Running back Toa Taua remains vital part of Nevada's new pass-first offense

Toa Taua
Toa Taua celebrates a touchdown run against UNLV. (Photo by Ethan Miller/Getty Images)

While he might not be the focal point of Nevada's pass-first offense, running back Toa Taua is determined to make a name for himself this year.

And Taua, who ranks fifth in the Mountain West averaging 85 yards per game, is thankful to be a part of the Wolf Pack's explosive offense even if the biggest stars of the unit so far this season have been quarterback Carson Strong and wide receiver Romeo Doubs.

“It feels different this year,” Taua said on last week's episode of Wolf Pack All Access. "Just starting with the O-line, they bring a whole other type of game this year. They’re so much more physical, so much more smarter with the schemes. I think Coach (Jay Norvell) does a great job with those guys in the Union and just making the plays that we do with Romeo, Carson, Cole (Turner), we just bring a whole new type of offense this year. We’re very balanced passing wise and running, and I think this year is just a different type of game.”

With Nevada's offense ranking second in the MW ins coring at 33.8 points per game, Taua said it’s no shock Strong, a sophomore, is having such an outstanding season.

“It’s not really a surprise," Taua said. "We see it every day, ya know. So when we go out to the game, it’s just like everything that he practiced and that connection he has with receivers He takes control of the huddle, knows how to move the ball and is just great at what he does.”

Another offensive standout has been Doubs, who Taua compared to former Alabama stars Julio Jones, Calvin Ridley and Jerry Jeudy.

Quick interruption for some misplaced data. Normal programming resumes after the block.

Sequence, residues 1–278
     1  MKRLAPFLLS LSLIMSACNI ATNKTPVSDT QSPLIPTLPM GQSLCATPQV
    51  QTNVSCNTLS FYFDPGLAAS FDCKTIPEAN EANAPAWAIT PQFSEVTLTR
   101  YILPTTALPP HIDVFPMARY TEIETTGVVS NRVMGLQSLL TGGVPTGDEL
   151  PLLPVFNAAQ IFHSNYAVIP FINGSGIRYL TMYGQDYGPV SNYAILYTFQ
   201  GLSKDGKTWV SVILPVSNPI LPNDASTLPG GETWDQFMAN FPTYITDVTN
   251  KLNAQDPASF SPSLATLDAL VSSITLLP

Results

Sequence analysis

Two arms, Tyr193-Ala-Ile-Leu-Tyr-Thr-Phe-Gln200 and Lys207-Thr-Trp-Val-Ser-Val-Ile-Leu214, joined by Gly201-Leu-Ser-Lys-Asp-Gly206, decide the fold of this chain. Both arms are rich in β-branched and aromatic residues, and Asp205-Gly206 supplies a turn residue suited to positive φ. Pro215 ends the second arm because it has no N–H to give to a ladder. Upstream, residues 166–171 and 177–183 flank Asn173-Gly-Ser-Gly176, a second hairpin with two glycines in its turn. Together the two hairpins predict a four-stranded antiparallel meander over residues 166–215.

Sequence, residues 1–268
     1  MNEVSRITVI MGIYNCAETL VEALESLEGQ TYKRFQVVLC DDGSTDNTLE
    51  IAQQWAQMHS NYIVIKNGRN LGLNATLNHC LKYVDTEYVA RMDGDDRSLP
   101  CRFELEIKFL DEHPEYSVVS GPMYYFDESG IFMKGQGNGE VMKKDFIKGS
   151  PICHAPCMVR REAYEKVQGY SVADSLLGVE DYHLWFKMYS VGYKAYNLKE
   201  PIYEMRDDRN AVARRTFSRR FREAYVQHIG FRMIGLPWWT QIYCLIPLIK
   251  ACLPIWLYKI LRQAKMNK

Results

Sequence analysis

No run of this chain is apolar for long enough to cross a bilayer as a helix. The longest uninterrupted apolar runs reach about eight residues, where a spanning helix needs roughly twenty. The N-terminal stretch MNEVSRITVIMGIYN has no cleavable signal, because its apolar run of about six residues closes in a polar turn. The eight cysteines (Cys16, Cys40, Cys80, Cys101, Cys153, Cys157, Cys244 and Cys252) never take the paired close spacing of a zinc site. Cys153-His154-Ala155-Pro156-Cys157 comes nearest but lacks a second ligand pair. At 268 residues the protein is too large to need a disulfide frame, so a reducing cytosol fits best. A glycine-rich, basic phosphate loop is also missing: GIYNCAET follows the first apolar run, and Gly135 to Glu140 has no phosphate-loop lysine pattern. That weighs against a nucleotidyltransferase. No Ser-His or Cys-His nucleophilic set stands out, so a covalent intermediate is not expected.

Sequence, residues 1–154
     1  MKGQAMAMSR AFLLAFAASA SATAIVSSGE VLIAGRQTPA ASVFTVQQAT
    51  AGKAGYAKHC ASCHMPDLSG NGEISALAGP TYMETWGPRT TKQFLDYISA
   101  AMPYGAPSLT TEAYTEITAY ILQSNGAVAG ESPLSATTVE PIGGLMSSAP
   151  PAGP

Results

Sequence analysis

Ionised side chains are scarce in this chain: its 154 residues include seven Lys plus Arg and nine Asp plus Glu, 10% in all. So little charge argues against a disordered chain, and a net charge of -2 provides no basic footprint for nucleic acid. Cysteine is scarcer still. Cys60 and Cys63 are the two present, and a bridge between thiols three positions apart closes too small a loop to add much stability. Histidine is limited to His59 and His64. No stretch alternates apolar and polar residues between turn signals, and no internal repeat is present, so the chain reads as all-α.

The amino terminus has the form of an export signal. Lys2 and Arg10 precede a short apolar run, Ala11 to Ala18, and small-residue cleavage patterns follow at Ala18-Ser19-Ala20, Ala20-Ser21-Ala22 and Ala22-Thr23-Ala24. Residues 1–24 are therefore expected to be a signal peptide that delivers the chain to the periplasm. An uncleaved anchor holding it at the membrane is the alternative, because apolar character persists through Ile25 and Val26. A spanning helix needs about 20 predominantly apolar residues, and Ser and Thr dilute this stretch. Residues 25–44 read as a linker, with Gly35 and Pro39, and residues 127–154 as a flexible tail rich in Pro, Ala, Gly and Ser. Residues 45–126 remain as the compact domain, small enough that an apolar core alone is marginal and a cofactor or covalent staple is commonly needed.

“He brings like a mixture of all of those guys,” Taua said. “He’s just an explosive player all around. Every day we go out to practice we see something new from that guy and we’re just like, ‘He’s a fun guy to play with.’”

Despite Nevada being more pass oriented the season, Taua's touches per game have remained even from last year (17 per game this season). His 6.5 yards per carry is way up from last year's 4.1 and he ranks fourth on the team in receptions per game at four.

Now that the team has been able to grow together over the past few years, Taua says a strong offense is finally emerging after the Wolf Pack averaged just 21.3 points per game last season, its fewest in a year since 2000.

“Very strong chemistry,” Taua said of the improvement. "We’ve all been together and on the team for quite awhile now. We have a lot of returners, a lot of guys that came in my class to play early, young and now we’re all getting a couple of years of experience under our belt. Just being able to be on the field all together at the same time, it’s starting to click now. We’re all getting in the rhythm of things.”

While the season looks different amid the coronavirus pandemic, the running back is not taking anything for granted. Taua missed the first game of the season for an undisclosed reasons; Nevada is not announcing which players test positive for COVID-19.

“I feel like every snap you play is a blessing,” Taua said. “Me, Devonte (Lee), we talk about it after every play. We’re out here healthy, we have to pray for next week. It’s a blessing. Just to walk off the field every day is a blessing from God because any snap could be your last. You gotta take that for everything that it means because this game doesn’t last long.”

The Wolf Pack has started the season 4-0 for the first time since 2010 and heads into a showdown Saturday with San Diego State (3-1), which has traditionally been one of the conference's best teams. Saturday's game is the toughest test for Nevada this season.

“I feel like we can do whatever we want on the field,” Taua said. “We control what we can control. We take every game one by one. We treat every game like it’s a championship game. Every single one of them. We’re trying to win a Mountain West championship this year.”

You can watch Toa Taua's full Wolf Pack All Access video below.

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